Despite Anne Collins’ desire to whitewash the “whole language” swindle, among other things, dyslexia was never a syndrome, just a condition, likely from a number of different causes, in different individuals. If it is first seen in, say,1 out of 10,000, then is claimed to be at a rate of 1 in 20, it is reasonable to identify the later period as significant. And to say that anything contemporaneous with that explosion is the cause! Too, the “scientists” who pushed the scam of “whole language” did not “discover” anything! They willfully misinterpreted the nature, process and meaning of children incorporating the techniques of physical speech! They came across nothing new! They didn’t even have a system they could say showed great promise since, if they had tried out theri methods in a trial period first, they would have seen it for the fantastics failure it was! Those who peddled “whole language” were crooks! Justlike so many, if not all, peddling the novel methods of “teaching” out on the market today!

  • tartan

    This article isn’t in audio format. Shouldn’t people with dyslexia have an opinion about how and what they read?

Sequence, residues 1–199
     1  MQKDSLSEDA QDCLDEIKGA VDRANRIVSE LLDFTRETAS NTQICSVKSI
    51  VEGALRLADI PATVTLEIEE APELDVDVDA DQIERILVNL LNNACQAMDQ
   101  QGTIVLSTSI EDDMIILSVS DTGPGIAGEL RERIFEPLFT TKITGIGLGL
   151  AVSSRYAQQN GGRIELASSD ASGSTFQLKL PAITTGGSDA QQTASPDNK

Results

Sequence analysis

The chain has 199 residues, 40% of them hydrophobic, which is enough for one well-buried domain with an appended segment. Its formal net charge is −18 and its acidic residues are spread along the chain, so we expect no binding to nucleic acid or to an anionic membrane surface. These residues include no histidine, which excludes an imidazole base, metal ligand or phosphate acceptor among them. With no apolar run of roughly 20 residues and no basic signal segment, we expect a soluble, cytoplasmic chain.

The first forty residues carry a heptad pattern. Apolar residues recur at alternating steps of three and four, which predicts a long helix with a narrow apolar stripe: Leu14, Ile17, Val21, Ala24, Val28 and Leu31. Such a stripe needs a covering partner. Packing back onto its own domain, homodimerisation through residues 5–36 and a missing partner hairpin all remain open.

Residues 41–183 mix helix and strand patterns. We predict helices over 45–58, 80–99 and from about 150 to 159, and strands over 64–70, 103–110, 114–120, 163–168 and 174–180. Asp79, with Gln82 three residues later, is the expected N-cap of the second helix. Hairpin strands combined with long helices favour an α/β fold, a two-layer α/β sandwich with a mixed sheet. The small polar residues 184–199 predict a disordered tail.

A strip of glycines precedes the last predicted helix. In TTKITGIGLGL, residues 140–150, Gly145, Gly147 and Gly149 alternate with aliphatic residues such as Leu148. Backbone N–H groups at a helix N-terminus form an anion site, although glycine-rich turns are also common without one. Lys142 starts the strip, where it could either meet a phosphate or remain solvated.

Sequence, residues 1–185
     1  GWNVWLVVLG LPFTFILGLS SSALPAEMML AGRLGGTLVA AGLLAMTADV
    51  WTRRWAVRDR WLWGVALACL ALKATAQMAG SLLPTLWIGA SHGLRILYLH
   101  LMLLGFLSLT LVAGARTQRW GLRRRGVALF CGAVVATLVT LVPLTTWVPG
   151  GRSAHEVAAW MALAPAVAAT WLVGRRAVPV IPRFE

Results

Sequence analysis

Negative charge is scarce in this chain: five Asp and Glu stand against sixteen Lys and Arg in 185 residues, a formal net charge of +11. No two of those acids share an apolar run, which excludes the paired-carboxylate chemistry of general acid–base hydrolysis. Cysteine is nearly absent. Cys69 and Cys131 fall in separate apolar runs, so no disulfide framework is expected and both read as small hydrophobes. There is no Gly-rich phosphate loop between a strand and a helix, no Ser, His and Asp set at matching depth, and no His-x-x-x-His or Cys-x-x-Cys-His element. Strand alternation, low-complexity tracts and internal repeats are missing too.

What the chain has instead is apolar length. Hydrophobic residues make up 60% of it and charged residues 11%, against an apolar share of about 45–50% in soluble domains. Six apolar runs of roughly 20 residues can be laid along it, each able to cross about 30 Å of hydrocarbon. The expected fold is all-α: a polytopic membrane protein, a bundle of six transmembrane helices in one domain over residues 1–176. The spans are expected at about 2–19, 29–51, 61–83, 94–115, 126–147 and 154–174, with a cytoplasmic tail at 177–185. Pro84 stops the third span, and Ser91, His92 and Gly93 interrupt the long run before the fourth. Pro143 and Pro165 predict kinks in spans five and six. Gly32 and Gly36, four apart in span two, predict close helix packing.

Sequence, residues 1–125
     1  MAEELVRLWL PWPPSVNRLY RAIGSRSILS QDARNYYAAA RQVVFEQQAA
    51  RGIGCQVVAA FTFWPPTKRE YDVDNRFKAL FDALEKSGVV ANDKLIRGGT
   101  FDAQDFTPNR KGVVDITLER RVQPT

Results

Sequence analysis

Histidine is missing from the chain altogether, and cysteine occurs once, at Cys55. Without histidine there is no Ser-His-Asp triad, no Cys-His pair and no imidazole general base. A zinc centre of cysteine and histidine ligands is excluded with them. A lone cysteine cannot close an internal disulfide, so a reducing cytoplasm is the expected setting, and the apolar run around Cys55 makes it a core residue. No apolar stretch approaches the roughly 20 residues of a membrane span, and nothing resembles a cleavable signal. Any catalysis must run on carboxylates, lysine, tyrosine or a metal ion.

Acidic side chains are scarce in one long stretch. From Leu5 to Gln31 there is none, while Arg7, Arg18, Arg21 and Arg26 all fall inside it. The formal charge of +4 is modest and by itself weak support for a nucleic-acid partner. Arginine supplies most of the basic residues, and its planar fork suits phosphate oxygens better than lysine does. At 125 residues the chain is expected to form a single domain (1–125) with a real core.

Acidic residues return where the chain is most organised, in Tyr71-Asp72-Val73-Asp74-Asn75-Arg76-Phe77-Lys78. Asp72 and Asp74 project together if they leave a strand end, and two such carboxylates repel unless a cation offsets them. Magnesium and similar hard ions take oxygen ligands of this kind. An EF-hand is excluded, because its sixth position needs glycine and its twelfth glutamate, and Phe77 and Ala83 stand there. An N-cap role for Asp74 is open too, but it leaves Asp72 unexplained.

• http://abbiecod.es/ Abbie

      Is that assuming dyslexics can’t read? :P
      while it would be nice to have this as an audio, I think most with any issues will have screen readers, plugins, etc. to make this easier to read. For example, I can select the text on this page, right click, and click, “start speaking.” Boom, instant audio format that doesn’t require the author to spend additional time recording themselves reading it. :D

      • Fiddlermiller

        This would get them into the learning process because just as in speech, it is good when they already are interested in what they are coveying to their audience. Of course, this isn’t always possible but can be worked with and inventive ways to interest them in more than the common versions will help too! The very feeling of finally getting it makes a student want to learn more!

  • http://www.facebook.com/smoot.langston Smoot Langston

    And lot of Dyslexic problems in video formats at http://www.dyslexiaed.com

  • Duddyel

    What about some one like me who can’t remember wha they read at 63 years old?  I wonder if it would help that.  I have suffered with this my whole life and I would love to read a book without re-reading over and over and then giving up totally.  duddyel@hotmail.com

    • Taraanastasi89

      It’s certainly worth a try.  Have you tried reading short articles, rather than a book, and subvocalized (read aloud softly or whispering)?  Perhaps adding an auditory component-hearing the words in addition to seeing the words) will help you to remember what you’ve read.  At times, I actually take a break and summarize aloud what I’ve just read. It helps me-give it a shot!

  • fivexy